ANCHORAGE, Alaska (AP) — State oil and gas regulators are reviewing the mechanical integrity of BP wells in northern Alaska after a well released gas and a small amount of oil in a manner that appears similar to a 2017 leak, officials said.

The leak at the well on the North Slope began Dec. 6 and was stopped after two full days, BP in Alaska spokeswoman Megan Baldino told the Anchorage Daily News.

"BP immediately reported the incident in accordance with state and federal laws," Baldino said.

No one was injured, and BP is investigating the spill, Baldino said. The spilled oil was confined to the immediate well-house area and did not impact tundra, she said.

The well apparently rose suddenly, or "jacked up," said Tom DeRuyter, on-scene coordinator for the state Department of Environmental Conservation. Equipment on top of the wellhead hit the top of the well house, damaging a valve seal and causing the leak, he said.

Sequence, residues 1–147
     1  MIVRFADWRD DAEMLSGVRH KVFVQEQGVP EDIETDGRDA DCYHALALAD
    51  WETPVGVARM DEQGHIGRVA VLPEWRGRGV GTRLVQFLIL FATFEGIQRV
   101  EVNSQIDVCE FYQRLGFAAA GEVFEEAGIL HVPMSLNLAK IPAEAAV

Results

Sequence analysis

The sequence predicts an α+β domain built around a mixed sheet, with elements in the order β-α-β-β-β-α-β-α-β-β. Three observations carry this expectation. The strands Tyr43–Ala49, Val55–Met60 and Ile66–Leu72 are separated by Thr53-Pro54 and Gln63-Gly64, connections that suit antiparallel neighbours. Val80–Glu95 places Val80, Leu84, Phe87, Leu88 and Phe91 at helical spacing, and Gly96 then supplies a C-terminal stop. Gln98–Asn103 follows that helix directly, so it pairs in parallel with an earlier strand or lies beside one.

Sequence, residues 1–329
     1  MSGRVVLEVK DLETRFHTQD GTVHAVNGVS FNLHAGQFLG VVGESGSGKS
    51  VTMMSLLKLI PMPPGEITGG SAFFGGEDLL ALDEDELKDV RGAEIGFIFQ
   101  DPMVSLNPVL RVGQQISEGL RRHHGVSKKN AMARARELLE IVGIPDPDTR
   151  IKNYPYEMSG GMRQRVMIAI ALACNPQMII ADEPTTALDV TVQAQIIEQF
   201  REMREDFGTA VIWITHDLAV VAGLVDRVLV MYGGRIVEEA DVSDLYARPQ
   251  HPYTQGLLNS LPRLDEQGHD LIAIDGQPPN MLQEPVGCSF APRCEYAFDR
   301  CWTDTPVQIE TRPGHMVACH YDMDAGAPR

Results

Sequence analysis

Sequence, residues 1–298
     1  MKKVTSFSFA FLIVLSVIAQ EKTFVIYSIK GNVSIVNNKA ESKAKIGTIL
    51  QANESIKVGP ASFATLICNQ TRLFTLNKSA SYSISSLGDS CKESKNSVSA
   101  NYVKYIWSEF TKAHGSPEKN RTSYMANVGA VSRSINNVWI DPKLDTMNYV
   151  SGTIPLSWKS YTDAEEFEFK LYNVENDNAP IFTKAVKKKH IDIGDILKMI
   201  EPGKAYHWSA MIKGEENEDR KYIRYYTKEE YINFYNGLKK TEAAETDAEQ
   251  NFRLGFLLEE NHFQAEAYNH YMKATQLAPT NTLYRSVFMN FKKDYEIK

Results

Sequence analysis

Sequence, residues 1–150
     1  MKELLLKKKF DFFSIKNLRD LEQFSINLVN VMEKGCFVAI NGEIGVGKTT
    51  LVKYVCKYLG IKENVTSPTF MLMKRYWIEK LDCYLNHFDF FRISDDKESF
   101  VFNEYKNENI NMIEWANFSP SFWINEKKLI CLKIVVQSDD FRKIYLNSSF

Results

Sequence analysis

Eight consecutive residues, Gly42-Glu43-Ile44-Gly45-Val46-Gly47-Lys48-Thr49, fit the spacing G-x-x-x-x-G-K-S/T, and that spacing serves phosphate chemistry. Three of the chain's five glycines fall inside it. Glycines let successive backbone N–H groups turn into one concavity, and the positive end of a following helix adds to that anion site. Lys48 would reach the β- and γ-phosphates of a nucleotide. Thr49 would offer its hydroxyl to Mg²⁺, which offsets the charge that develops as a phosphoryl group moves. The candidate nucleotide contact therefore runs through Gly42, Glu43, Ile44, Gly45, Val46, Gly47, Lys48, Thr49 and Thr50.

The oil and gas release last month appears to be a "failure event" similar to the uncontrolled release of well fluids in 2017, said Hollis French, chair of the Alaska Oil and Gas Conservation Commission, in a letter to Janet Weiss, head of BP in Alaska.

In April 2017, a wellhead and valve assembly jacked up, striking the roof of the well house and causing an oil and gas release, DeRuyter said.

The release led to a review of North Slope wells and the shut-in of 14 of BP wells with similar designs.

The Alaska Oil and Gas Conservation Commission has sent a list of questions to BP and has scheduled a hearing for Feb. 7.

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Information from: Anchorage Daily News, http://www.adn.com